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Law360 Expert Analysis

Employer Considerations For Leave Donation Programs

Law360 – Expert Analysis

This article originally appeared in Law360 on June 2, 2022 and is reprinted with permission. All rights reserved. 

We are now several months into the "Great Return" — with employers declaring that employees must return to the workplace. To incentivize office engagement, employers are replacing COVID-19 testing, vaccination and mask mandates with everything from free lunches and in-house coffee bars to remodeled physical floor plans and conference room chair massages.

While burrito bars and mini spa appointments are welcome additions in the workplace, the pandemic has shifted how employers view and manage a more robust employee benefit program to better support their workforce.

Offering creative perks to ease the transition back might be a great short-term post-pandemic office strategy; however, employers must also critically examine their benefit strategies and resource offerings.

With the "Great Resignation," "Great Reshuffling" and the ensuing talent wars,[1] employers are intently focused on workers' needs, and are doubling down on efforts to increase retention, decrease absenteeism and support workers who have had to manage complex family matters that were unheard of just a little over two years ago.

Employers' Support During COVID-19

Back in March 2020, as we scrambled to digest the Families First Coronavirus Response Act — the coronavirus relief bill with paid-leave mandates — many employers considered adding flexible work and remote benefit options for their workforce.

As work-from-home arrangements became the norm, we saw employers offering remote assistance for benefits large and small, ranging from telemedicine to webinars on mental health topics, virtual yoga and meditation apps.

When employers began adding emergency leave options for employees who were unable to work because of COVID-19, they also considered whether employees could access and cash out accumulated sick vacation and personal leave time — paid time off, or PTO — if they needed to supplement their income on account of reduced work schedules or due to financial needs related to COVID-19.

Permitting employees' discretion to cash out an accrued PTO bank as a source of funds would normally convert that PTO bank immediately to taxable income under the principles of constructive receipt. This tax concept provides that an employee is constructively in receipt of income — and therefore, the income is currently taxable — as soon as the right to receive the cash becomes fixed.

For example, if an employee had the right to convert his or her PTO bank to cash, the constructive receipt rules would require the employee to take into current income the value of the PTO bank, regardless of whether the employee actually chooses to convert the bank to cash.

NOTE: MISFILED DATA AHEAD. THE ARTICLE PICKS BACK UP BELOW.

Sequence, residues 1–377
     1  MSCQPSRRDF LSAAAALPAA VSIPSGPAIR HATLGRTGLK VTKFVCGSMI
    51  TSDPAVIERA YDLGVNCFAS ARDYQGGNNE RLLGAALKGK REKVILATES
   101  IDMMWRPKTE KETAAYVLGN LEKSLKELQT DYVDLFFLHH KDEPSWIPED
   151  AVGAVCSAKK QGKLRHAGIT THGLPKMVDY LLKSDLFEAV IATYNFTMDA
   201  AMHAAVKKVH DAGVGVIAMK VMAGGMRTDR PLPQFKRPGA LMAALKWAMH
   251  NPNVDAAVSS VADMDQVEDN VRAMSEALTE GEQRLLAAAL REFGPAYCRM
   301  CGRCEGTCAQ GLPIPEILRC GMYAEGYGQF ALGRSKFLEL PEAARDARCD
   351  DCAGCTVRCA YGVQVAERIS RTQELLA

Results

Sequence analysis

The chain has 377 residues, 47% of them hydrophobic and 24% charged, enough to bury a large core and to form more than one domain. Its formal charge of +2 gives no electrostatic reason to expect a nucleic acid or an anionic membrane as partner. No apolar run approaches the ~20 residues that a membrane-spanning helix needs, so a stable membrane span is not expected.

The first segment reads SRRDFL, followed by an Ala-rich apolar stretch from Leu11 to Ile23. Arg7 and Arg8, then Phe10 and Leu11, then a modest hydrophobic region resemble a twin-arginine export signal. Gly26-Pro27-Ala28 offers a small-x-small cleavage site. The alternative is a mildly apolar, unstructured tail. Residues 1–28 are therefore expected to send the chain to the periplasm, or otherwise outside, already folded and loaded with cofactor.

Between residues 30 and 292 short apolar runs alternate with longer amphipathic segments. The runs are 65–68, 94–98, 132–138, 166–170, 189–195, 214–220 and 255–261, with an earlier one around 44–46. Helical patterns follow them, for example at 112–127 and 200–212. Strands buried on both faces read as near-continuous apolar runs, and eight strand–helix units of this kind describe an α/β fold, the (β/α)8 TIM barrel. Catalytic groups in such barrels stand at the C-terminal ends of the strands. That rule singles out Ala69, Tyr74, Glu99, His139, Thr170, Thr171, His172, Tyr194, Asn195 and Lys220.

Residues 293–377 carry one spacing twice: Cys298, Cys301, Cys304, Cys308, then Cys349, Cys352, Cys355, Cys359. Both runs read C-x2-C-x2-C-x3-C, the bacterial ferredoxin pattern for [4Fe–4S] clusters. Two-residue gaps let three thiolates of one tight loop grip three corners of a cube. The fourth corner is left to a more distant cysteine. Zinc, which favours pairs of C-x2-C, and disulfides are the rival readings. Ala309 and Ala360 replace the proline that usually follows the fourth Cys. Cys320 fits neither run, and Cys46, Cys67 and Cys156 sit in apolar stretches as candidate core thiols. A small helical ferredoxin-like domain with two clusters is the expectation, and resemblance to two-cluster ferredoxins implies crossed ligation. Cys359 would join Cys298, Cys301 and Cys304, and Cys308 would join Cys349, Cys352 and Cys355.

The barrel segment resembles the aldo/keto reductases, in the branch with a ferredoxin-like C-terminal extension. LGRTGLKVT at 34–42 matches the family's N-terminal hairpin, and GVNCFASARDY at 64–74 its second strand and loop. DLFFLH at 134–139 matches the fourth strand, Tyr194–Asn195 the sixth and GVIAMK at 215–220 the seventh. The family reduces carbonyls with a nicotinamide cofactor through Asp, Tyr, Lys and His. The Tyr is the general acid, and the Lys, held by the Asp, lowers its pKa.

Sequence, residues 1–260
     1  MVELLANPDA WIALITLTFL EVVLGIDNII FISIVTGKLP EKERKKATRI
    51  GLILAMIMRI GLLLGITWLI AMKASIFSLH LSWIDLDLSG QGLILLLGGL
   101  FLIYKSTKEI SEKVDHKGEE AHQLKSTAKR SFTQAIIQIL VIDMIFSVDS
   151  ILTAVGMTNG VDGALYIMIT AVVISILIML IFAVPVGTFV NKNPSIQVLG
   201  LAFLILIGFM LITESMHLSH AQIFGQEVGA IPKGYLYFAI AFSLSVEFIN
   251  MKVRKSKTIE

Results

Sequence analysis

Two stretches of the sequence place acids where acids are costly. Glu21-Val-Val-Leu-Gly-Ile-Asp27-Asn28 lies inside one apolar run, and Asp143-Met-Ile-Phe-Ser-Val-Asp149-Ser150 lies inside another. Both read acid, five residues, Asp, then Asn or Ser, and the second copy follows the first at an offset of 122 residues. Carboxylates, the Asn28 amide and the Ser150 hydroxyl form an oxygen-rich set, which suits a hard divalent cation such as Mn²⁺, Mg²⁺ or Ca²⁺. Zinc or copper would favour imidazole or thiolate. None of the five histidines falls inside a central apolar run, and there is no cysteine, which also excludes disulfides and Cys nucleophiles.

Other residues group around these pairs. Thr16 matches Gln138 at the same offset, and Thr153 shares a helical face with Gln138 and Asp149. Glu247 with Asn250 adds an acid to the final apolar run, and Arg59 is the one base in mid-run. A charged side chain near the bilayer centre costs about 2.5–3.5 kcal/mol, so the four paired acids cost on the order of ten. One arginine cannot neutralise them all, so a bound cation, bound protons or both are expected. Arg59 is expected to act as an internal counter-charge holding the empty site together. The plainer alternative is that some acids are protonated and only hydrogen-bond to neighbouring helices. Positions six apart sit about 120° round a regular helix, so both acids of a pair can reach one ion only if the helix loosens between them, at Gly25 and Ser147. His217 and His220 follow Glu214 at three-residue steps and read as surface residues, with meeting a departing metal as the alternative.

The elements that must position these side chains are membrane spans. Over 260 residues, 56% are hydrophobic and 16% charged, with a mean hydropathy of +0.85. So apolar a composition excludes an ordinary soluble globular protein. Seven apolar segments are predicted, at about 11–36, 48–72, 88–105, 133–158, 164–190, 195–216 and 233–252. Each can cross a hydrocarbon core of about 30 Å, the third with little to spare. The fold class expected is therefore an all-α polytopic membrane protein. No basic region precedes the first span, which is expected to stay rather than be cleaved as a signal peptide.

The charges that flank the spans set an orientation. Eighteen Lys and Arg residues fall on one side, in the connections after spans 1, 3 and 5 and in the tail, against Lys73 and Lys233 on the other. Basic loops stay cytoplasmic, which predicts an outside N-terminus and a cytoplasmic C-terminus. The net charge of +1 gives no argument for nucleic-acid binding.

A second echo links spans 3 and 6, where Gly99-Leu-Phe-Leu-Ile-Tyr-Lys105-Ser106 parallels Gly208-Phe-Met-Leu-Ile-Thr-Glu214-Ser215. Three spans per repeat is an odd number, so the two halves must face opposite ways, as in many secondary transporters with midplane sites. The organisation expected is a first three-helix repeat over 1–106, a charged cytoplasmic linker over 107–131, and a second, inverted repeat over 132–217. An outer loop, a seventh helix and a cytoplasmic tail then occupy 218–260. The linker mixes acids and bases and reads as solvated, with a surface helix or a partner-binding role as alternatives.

Because of these rules, an employer typically may only permit employees the right to convert PTO to cash for paid time off that has not yet accrued, e.g., PTO earned in a subsequent calendar year.

By making an election to cash out PTO before it is earned, the employee avoids the constructive receipt tax issue.

To help support employees during the height of the pandemic, employers considered offering employees a one-time window to make an accrued PTO bank accessible for cash out.

Given the unprecedented circumstances, practitioners had hoped the IRS would back away from the constructive receipt rule, and permit employees a one-time cash-out window in which they could convert all, or some portion of, a PTO bank to cash.

Unfortunately, the IRS did not budge on the constructive receipt rules applicable to PTO cash-outs, forcing employers to devise other creative solutions for accrued PTO banks.

What Are Leave Donation Programs?

Employers came up with alternative options, including implementation of a leave-donation program.[2] While not a new concept, PTO donation became more popular because of COVID-19, and continues to be attractive as an employer-sponsored program.

Leave donation allows employees to donate accrued PTO to a general leave bank, which can then be used by fellow employees who have exhausted all paid leave available to them.

PTO donation arrangements are employee-friendly programs that benefit both the sponsoring employer by getting accrued PTO off their books — a nice alternative to a "use it or lose it" rule, which requires employees to forfeit any unused accrued vacation — while creating an opportunity for employees to help their fellow employees.

Leave donation programs are simple in concept; however, many employers miss some of the program nuances that allow leave to be donated without negative tax consequences to the donating employee.